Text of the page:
Imagine an entire 24-hour cable news network devoted to political causes. Many of its employees are future and former candidates for president, giving them a national platform to reach potential voters.
Entire "movements" of political discourse are not only showcased, they're even started on this news channel. Fund-raising, the toughest part of running for political office, is made easier, streamlined by the on-air hosts of the news channel telling viewers to donate money to certain candidates.
World events shaping our culture are put into perspective by the personalities. The production value is as sharp as the agenda. Poignant scripts are followed religiously. Everyone at the network -- from the top anchor to the fill-in weekend guest -- plays ball. It's a machine: Well-oiled. Well-funded. For-profit. High-rated. Caffeinated. Influential.
Now imagine that it's liberal.
Why doesn't the Left have a Fox News? Why isn't there a liberal version of political organizing on television? There are currently nine 24-hour news stations, so why isn't there one that's outright for progressives?
Progressives will say, "Because we're better than that." It's against journalistic ethics to be a news organization and endorse and raise funds for candidates. They point out how promoting talking points, in lieu of actual reporting, is propaganda. Liberals, they'll tell you, don't like propaganda -- they prefer nuance.
Conservatives will tell you all channels are liberal, and Fox News is "balance." They'll say it's not unethical for Fox News to prop up issues and candidates, because they're told on Fox News the Left does the same thing. On Fox News (and only on Fox News), they and their viewers are the underdog.
Their narrative is how they're so outnumbered by all the richie-rich, powerful, clandestine liberals that journalistic codes of conduct are beside the point. They're in war, and in war things like habeas corpus and ethics have to be sacrificed in order to win. Or really, survive -- in their version, it's always a life-and-death struggle.
Over at MSNBC, Keith Olbermann was suspended for donating money without management permission to candidates he had on his show. Yes, the "liberal media" does stuff like that. A former president of MSNBC is reported to have said that he did not want MSNBC to be a "liberal answer to Fox News." During Olbermann's brief suspension without pay, his colleague, Rachel Maddow, went on air and said, "Let this incident lay to rest forever the facile, never-true-anyway, bull-pucky, lazy conflation of Fox News and what the rest of us do for a living," she said. "They run as a political operation; we're not."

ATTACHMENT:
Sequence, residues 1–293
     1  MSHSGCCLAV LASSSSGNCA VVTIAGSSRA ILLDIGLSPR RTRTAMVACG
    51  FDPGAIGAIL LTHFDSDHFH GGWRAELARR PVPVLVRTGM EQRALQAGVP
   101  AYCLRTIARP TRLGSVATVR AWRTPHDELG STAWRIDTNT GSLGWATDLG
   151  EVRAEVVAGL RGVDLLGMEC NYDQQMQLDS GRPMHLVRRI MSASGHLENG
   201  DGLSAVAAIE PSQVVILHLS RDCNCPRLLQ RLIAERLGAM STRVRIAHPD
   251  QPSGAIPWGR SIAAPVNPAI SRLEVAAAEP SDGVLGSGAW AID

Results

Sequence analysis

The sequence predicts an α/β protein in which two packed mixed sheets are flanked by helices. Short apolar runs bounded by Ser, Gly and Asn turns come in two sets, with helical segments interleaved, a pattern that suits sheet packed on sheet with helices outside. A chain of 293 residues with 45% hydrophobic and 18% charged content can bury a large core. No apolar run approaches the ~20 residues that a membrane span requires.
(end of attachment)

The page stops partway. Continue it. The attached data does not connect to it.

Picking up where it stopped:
OK, fine. MSNBC isn't the liberal equivalent of Fox News. Why isn't there one?
The only thing unethical about Fox News is their calling themselves "news." Fox News is based on right-wing talk radio, and no one ever calls that "news." It's like, if the Christian Broadcasting Network kept their same programming, but switched their name from "Network" to "News." They would suddenly be very objectionable from a journalistic, integrity perspective.
But as it is now, the CBN raises money and endorses causes, and no one bats an eye.
Other than the "news" moniker, Fox News is fine. They're for their side, compelling to their side and benefiting their side. Plus, they give the people what they want: entertainment.
So what is wrong with liberals doing the same thing? What's wrong with progressives having a channel based on the events of the day that is informative and amusing to other progressives?
The Left is always saying their main problem is with messaging -- not the lack of ideas, but the selling of ideas. The framing of the debate eludes the Left. Candidate Barack Obama was able to message and sell his ideas to the American public, therefore, he got elected. Then, he started doing the job he ran for, instead of still campaigning for the job he ran for.
The "perpetual campaign" is the bane of modern American presidents. You'd think liberals and progressives, now with a Democratic president in office, would, at least, consider replicating a communication model that has proven to work.
Yes, I'm saying it: Liberals should mimic Fox News -- in some ways. Be engaging, have a point of view, and tout progressive causes.
Just don't call it "news."
Tina Dupuy is an award-winning writer and the editor of FishbowlLA.com. She can be reached at firstname.lastname@example.org.